Now that you’re about to start filming the next season, are you ramping up the workouts at all?

I’m preparing to start hitting it hard again. The normal routine would be a very functional strength regimen with lots of compound lifts and CrossFit workouts. Last season, I was thrown a bit of a curveball. I had a bike accident around Christmas. I was on a bike heading home after this huge CrossFit workout, and my body was completely tapped. I think that was one of the reasons it happened. I fractured my knee and got these tears in my MCL. This is the first time I’ve had a real injury that limited my ability to train. I remember the first couple of days I was just distraught with the fact I couldn’t do active things

I went straight to see my physio, who’s fantastic. I got all the information from him on what I could do and what I couldn’t. Once I had that knowledge, I went to Peter Vodden, my awesome trainer in the U.S. at Pharos Athletic Club. Right away he was talking me through all the exercises I could still do with my upper body and core while my leg was out of commission. As soon as I had my first workout with him, I felt better. Getting those endorphins really lifted my spirits. You start looking for ways you can move still—and it forces you to train differently. I did a lot more bike work and EMOMs.

How did you go about continuing to recover while staying moderately active?

I did more research online, listened to podcasts, and watched people on social media like the Knees Over Toes guy on Instagram for new ideas. Taking it day by day, I got incrementally better and started to feel my body recover. Beyond the physical side of things, it was also about what supplements I could take to speed the process along. I was smashing turmeric and greens. These days, I’m working out about 50 percent less than I used to, but have decided that’s okay. Even just walking is enough to get the blood flowing a bit more. Getting ten thousand steps a day isn’t as easy as it might seem, and there’s a tremendous benefit to it. I learned over this experience that maybe I don’t need to hit it so hard.

I know you’re still being careful with that injury, but do you have any goals down the road or fitness journeys you’d still like to go on?

I recently signed up for an ultramarathon, which I’ve been very excited about. I’ve wanted to do one for a while. Clearly it’s not possible for me to do it anytime soon, since my knee isn’t at its best. But I look forward to getting back into form where I can take one on. I love taking on the physical side of a role and hope I can take on something meaty soon.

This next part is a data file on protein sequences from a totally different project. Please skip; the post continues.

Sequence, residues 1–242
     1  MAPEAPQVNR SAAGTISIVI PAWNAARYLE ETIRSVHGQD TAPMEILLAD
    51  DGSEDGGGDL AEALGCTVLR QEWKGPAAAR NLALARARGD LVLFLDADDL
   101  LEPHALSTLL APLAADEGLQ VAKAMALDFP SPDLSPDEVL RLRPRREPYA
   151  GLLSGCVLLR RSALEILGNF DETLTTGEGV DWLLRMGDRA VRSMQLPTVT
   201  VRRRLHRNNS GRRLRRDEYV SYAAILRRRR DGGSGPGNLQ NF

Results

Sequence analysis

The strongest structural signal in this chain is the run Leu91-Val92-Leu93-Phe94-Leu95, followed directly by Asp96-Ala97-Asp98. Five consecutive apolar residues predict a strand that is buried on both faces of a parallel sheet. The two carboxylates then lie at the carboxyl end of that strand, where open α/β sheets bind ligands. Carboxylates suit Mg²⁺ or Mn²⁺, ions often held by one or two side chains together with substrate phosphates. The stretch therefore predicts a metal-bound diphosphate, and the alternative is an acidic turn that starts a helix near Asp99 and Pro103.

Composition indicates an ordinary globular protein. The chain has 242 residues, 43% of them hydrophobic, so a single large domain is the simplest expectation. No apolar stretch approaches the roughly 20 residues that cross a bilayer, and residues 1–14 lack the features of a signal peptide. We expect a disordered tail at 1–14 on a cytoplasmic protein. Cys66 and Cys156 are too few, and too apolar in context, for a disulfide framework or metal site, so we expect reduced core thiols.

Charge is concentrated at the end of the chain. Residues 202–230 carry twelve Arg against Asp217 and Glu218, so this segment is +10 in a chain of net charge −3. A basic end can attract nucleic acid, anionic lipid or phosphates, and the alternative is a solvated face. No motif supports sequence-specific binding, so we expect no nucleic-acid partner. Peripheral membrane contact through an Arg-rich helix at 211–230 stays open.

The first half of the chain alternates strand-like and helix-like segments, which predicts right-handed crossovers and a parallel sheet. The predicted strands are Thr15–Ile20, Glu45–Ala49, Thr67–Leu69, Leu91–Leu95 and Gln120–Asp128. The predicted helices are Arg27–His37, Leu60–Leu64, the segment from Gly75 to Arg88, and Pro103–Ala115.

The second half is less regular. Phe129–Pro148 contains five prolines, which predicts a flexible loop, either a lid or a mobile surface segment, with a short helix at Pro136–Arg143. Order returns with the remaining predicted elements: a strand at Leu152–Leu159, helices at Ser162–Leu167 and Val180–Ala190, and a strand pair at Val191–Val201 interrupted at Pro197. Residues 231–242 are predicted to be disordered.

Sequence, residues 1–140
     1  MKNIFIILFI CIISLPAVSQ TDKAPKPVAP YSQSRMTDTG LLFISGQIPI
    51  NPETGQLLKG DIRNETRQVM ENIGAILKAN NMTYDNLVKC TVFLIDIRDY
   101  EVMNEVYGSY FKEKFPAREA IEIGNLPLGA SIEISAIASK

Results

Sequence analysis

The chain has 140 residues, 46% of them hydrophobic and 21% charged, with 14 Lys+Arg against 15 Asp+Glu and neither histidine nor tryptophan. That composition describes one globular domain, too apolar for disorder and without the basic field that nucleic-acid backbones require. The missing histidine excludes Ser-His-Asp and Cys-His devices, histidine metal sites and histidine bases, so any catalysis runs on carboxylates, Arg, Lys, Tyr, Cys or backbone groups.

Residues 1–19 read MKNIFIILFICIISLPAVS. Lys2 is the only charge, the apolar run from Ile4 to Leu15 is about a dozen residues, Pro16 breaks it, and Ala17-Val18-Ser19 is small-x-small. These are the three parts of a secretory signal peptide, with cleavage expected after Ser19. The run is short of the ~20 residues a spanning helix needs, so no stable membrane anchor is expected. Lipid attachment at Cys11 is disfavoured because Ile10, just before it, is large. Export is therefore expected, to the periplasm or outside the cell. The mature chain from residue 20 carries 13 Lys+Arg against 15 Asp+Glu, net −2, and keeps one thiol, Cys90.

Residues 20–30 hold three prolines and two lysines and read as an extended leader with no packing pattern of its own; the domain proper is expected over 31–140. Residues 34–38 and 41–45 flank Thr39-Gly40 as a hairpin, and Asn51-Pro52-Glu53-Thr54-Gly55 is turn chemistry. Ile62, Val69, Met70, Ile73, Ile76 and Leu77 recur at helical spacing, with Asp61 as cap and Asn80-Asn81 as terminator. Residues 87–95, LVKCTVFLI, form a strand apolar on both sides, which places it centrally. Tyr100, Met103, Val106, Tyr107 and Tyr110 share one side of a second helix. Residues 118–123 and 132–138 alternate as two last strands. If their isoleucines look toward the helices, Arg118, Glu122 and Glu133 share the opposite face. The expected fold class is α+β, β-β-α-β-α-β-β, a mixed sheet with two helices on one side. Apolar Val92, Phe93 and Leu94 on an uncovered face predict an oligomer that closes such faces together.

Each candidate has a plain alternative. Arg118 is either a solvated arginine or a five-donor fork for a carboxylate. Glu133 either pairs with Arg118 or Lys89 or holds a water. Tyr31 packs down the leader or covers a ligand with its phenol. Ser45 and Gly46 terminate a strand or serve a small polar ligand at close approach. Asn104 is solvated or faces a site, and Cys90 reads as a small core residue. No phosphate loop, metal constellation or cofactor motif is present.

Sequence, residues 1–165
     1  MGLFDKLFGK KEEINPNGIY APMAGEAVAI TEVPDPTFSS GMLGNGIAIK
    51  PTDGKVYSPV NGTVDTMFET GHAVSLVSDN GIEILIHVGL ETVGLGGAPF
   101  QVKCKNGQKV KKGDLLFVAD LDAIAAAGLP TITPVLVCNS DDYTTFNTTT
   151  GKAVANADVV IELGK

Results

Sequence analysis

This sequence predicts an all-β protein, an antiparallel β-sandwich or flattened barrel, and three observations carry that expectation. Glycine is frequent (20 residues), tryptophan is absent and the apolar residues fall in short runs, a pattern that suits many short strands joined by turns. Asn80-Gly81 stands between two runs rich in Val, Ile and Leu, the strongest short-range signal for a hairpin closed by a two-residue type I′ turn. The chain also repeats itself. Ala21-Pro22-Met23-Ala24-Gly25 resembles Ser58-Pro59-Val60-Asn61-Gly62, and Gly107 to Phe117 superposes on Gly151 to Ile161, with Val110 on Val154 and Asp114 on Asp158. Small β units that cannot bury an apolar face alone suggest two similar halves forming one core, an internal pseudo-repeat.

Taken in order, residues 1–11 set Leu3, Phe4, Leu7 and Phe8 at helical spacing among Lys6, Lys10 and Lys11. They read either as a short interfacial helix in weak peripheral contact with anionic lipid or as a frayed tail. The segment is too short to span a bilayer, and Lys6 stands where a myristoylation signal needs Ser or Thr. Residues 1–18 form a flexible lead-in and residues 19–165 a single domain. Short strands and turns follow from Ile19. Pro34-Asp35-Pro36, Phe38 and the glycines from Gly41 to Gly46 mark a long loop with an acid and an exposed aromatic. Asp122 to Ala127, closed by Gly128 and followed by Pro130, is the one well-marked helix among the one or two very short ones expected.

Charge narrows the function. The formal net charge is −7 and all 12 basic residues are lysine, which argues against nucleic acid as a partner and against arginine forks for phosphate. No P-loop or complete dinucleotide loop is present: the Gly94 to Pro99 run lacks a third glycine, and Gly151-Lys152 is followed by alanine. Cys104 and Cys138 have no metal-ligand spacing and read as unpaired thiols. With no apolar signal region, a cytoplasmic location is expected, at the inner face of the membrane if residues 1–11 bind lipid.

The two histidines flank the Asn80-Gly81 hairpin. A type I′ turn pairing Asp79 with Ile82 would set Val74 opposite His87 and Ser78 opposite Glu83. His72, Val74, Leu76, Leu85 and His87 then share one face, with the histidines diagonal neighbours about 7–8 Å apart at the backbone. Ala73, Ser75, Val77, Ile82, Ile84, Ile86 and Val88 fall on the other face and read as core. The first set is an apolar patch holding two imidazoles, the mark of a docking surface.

I shot a drama in the UK called Suspect where I play a police officer. It’s set in the gym, and the producers told me that I’d be working out while we were doing the scenes. I assumed it was a traditional gym with weights—but when I got in there I found out it was actually a boxing gym and had to adapt very quickly. We leaned on the Muay Thai background I have.

Where did you learn Muay Thai?

I was inspired by the coaches I was working with in Scotland. I think we were filming the second season of Outlander at the time, and the only chance I had to get away was during the holidays. I went out to a great training camp on the island of Koh Samui where you train twice a day for two hours per session. I had pretty basic skills when I arrived, but I dedicated myself to the lifestyle, leaning into the idea that I was a real Muay Thai fighter. One of the great elements of being at the camp is your life becomes very simple, focusing only on getting better. I really enjoyed that. The days for the fighters would start with a 10K run in the humidity, followed by shadow boxing, pad work, then some sparring. There was more conditioning to do after that.

Once we wrapped up the morning workout, it was time to eat and get some sleep on the beach before the afternoon session. The afternoon workout was more of the same and you were wiped by the end of it. In the evenings, it was time to jump on your moped and ride into the city where they set up these exhibition fights. The whole community would be there, packed into this small space, to watch these incredible fighters. That energy fueled you up for the next morning. Being on that schedule every day of the week, I got ripped pretty fast.

Given all your skills, it feels like you’d be a perfect James Bond—and there have been quite a few speculations.

The rumors are flattering. It’s been nice to be in the conversation. If you’re going to be a character like James Bond, you have to believe you can do it. You have to believe in yourself, and I do. I’d love the opportunity and I’ve auditioned for Bond in the past—back before Casino Royale with Daniel Craig. But it’s hard to know what they’re thinking for the next one—or if they’re thinking about it at all right now. I would love the chance, and feel like I’m ready to take something like that on. I got to do something similar with SAS: Red Notice and I found the possibility of launching my own franchise interesting as well. The first film did really well. It hit the top of the Netflix charts in several countries. I was glad I got to work closely with Andy McNabb, who’s the real deal—the former special forces soldier who wrote the book it was based on. We’re still talking, and we’d love to do some more.

Outlander is now available on Starz